who said that he was the Son of the living God, >

and in not checking the disciple who, after thrusting his hand into his side, exclaimed, "My Lord and my God {"

It is not only in the time of his liberty, when he visits the cities of Israel, healing their sick, raising their dead, feeding multitudes with a few loaves, and refusing the temporal sovereignty which the people offered him, that he attributes to himself the prerogatives of the Divinity. It is in chains, in the course of his trial, and on the cross. Conjured by the high priest to tell whether he is Christ the Son of God, he answers in the affirmative: and, in proof of his assertion, fays that they shall see him on the right hand of God. "Do you hear the blasphemy?" cries out the other. Had he used any mental reservations on this occasion, by saying one thing and meaning another,—by expressing outwardly, " I am the Son of God," and restraining in his mind the fense of the words, to the quality us a messenger,—he would not have answered according to the pontiff's meaning, who knew but too well the difference between a messenger, such as any prophet may be, and a Son, who must be of the fame nature with his Father. What a precedent for perjurers! And what blasphemy in St. Paul, who affirms, " that he thought it no usurpation to 4' make himself equal unto God 1"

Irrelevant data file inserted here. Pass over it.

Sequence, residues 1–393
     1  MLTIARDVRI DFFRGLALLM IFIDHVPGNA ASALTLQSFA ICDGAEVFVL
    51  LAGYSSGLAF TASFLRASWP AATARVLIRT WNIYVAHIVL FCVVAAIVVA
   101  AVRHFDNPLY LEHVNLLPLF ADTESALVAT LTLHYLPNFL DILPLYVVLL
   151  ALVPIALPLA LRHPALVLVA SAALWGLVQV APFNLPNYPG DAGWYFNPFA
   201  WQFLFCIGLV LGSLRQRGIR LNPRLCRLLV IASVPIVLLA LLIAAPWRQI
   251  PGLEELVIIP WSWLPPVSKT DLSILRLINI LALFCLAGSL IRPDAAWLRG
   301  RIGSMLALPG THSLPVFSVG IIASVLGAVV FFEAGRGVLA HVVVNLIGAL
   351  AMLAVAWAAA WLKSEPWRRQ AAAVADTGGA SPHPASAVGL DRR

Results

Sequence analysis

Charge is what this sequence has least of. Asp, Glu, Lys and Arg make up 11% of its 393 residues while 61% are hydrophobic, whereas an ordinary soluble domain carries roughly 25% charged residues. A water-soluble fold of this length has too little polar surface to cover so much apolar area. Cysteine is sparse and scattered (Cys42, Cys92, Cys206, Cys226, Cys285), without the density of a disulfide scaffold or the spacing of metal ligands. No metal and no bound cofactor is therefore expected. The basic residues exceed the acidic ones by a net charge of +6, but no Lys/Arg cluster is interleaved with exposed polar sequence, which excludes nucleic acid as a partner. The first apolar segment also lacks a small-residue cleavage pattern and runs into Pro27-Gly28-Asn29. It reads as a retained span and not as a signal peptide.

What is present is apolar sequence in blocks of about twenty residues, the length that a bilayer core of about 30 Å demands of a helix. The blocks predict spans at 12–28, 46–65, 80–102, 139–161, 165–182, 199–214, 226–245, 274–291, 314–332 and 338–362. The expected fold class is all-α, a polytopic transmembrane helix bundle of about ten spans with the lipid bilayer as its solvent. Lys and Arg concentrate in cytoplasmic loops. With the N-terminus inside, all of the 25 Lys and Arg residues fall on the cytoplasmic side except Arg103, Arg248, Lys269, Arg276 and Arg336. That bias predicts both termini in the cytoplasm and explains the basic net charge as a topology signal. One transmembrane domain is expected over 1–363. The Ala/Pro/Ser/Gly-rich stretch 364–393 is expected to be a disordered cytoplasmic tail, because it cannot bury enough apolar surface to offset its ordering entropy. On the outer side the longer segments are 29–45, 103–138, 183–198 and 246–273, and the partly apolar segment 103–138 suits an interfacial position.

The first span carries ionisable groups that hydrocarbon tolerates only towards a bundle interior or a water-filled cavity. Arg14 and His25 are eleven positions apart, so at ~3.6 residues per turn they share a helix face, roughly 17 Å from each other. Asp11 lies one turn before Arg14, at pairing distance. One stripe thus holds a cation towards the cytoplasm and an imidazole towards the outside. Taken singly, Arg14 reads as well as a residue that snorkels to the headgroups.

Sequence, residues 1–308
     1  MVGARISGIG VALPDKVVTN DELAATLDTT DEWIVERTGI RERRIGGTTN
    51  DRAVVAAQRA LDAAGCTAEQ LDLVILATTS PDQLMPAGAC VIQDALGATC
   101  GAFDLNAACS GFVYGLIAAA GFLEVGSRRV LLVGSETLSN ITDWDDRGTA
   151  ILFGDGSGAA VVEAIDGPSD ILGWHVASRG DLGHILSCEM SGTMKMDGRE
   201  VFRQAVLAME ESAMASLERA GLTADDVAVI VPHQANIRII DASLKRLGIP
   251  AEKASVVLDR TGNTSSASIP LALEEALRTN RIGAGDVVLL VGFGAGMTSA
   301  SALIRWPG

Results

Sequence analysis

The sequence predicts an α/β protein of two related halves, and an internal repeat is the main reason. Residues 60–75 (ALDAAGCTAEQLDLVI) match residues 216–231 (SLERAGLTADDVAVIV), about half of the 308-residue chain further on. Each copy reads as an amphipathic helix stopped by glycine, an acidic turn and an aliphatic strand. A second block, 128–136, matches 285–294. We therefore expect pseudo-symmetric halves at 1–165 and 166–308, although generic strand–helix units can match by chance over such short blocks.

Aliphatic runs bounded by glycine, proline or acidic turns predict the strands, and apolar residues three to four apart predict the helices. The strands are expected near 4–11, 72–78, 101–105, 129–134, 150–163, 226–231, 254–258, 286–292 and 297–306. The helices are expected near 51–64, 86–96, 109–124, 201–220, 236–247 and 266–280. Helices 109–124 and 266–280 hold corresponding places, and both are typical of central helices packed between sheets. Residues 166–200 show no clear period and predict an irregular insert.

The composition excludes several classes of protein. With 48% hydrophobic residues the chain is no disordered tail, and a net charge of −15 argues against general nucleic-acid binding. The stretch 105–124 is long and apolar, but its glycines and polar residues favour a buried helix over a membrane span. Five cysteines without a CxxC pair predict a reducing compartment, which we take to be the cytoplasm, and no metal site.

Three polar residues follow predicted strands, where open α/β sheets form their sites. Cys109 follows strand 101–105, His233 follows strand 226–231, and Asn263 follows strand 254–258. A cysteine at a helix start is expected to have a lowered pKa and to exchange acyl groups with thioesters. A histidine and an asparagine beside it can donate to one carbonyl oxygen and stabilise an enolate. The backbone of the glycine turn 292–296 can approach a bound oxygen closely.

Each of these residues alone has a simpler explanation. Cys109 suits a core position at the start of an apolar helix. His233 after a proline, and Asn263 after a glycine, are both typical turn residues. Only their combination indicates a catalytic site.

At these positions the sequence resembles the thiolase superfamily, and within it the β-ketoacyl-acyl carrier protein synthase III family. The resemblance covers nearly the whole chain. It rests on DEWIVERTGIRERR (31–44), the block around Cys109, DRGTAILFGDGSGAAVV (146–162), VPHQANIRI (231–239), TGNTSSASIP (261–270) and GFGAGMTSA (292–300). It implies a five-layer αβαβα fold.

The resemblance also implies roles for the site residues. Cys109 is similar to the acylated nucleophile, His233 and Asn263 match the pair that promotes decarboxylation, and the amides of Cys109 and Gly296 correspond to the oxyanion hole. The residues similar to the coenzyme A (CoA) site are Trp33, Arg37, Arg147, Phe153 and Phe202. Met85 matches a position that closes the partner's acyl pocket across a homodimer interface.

Common sense often supplies the room of metaphysical demonstrations. And common fense will insorm you, that Jesus Christ is either the greatest impostor that ever appeared, or that

he he is literally what he declared himself to be, God and Man, for whom the martyrs suffered, whom the Christians adore, and to whom all knees are to bend one day.

If he is an impostor, in vain has the blood of impure victims been drained; in vain have the altars of false deities been overturned; in vain have their idols been crushed, and their temples destroyed: a new idol has been set up in their room, and the worship due to the Sovereign Being has been transferred to an impostor. If this be the cafe, God, then, must have deceived mortals, in investing an impostor, during his life, and his disciples, after his death, with such extraordinary powers: And the miracles wrought in confirmation of their doctrine, and which could never be wrought but by his express and immediate power, must have been wrought with an express design to mislead his creatures into delusion and error. Reconcile this, if you can, to his goodness, wisdom, and providence; and behold the absurdities to which incredulity leads.

If you intend to reconcile those texts that attribute to the fame person, an eternal generation and birth in time,—transcendent glory and profound humility,—the power and majesty of a God, with the sufferings and death of a man, —admit in the fame person, the Divine and

. human